“I make wooden vessels because I have found in them a form of expression that is nearly limitless and that offers the viewer a handle with which to access this sculptural work. I like the way my ideas flow from one vessel into the next… into the next, with no effort from me. The only work involved is the physical labor of laminating, turning, carving and polishing necessary to bring them into the world. I don’t hide the marks of this craft. I want people to feel the energy that went into making the piece, but in a restful sense…the way I feel at it’s completion.
Most of my vessels are built up out of layers of wood stacked horizontally. I start with a wide thick board from which I cut rings…one inside the next. These are glued upward to make the rough form. It is then carved, turned, etc. I like to use a variety of woods and finishes, which give a rich color tone to the vessel.” – Michael Bauermeister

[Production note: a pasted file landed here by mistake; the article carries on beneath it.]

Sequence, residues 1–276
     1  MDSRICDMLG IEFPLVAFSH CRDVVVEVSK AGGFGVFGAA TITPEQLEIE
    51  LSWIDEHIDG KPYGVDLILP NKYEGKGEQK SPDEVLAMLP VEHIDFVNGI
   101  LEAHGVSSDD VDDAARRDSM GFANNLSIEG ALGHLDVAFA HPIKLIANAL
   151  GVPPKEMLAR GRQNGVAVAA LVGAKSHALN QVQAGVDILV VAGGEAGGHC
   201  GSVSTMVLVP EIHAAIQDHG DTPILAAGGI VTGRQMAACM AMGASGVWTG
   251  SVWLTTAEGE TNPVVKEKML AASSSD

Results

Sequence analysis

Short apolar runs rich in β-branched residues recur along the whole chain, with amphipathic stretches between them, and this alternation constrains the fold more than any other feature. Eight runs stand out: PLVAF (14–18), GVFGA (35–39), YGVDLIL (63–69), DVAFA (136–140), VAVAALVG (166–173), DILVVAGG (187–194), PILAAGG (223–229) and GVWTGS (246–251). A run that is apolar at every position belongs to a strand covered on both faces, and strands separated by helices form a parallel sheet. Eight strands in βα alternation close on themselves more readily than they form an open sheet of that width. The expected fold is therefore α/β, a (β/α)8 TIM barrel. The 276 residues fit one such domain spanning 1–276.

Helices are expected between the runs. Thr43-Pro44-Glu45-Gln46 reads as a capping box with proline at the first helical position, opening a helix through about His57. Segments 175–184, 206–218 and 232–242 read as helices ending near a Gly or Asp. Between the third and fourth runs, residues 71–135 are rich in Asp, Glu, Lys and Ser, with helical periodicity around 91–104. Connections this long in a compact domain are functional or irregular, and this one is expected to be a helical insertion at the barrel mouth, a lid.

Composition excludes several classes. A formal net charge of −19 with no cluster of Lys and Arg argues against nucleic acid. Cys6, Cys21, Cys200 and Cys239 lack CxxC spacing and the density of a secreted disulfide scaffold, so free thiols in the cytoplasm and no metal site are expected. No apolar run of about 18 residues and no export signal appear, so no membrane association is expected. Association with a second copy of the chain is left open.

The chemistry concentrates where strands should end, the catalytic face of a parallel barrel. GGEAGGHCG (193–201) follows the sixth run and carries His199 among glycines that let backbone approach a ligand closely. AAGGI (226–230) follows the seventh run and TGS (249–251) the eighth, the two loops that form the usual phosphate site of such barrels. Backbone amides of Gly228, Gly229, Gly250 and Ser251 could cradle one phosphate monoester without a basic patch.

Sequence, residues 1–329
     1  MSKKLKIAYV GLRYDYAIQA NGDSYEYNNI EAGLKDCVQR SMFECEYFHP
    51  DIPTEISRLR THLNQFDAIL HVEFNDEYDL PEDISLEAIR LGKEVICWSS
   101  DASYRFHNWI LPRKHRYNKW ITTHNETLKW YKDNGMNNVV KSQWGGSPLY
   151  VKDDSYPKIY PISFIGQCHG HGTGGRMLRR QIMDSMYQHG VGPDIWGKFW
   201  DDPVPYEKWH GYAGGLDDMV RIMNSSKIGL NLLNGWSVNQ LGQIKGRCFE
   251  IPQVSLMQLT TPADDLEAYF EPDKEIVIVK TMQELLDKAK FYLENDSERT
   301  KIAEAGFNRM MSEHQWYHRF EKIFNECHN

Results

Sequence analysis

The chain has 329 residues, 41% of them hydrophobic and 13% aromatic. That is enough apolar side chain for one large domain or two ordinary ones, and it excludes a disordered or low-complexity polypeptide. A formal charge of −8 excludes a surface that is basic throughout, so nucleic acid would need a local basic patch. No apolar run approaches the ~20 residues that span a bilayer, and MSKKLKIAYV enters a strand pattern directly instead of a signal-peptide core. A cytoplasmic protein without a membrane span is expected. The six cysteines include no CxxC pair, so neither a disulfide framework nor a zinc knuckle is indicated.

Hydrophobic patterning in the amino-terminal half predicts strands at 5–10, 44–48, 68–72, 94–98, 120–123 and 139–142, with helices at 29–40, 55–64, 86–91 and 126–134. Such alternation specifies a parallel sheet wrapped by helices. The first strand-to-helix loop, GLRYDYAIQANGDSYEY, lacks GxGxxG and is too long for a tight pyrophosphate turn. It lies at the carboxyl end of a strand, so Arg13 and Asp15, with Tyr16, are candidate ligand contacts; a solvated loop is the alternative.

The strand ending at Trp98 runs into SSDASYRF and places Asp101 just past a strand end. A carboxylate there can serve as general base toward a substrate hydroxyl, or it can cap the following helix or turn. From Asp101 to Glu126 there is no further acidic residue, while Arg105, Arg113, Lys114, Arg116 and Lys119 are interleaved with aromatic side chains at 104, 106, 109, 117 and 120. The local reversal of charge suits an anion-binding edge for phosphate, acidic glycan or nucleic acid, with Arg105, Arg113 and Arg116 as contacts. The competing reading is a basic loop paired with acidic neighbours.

Exhibited in museums across the United States and is included in numerous permanent collections, including the Racine Art Museum, Racine, WI, the Smithsonian Museum, Renwick Gallery, Washington D.C., the Mesa Museum of Contemporary Art, Mesa AZ, and the Boston Museum of Fine Arts, Boston, MA. In 2014, Michael Bauermeister was invited to be the Artist in Residence at the Grand Canyon National Park in Arizona, where he became inspired by colors and textures of the Western landscape.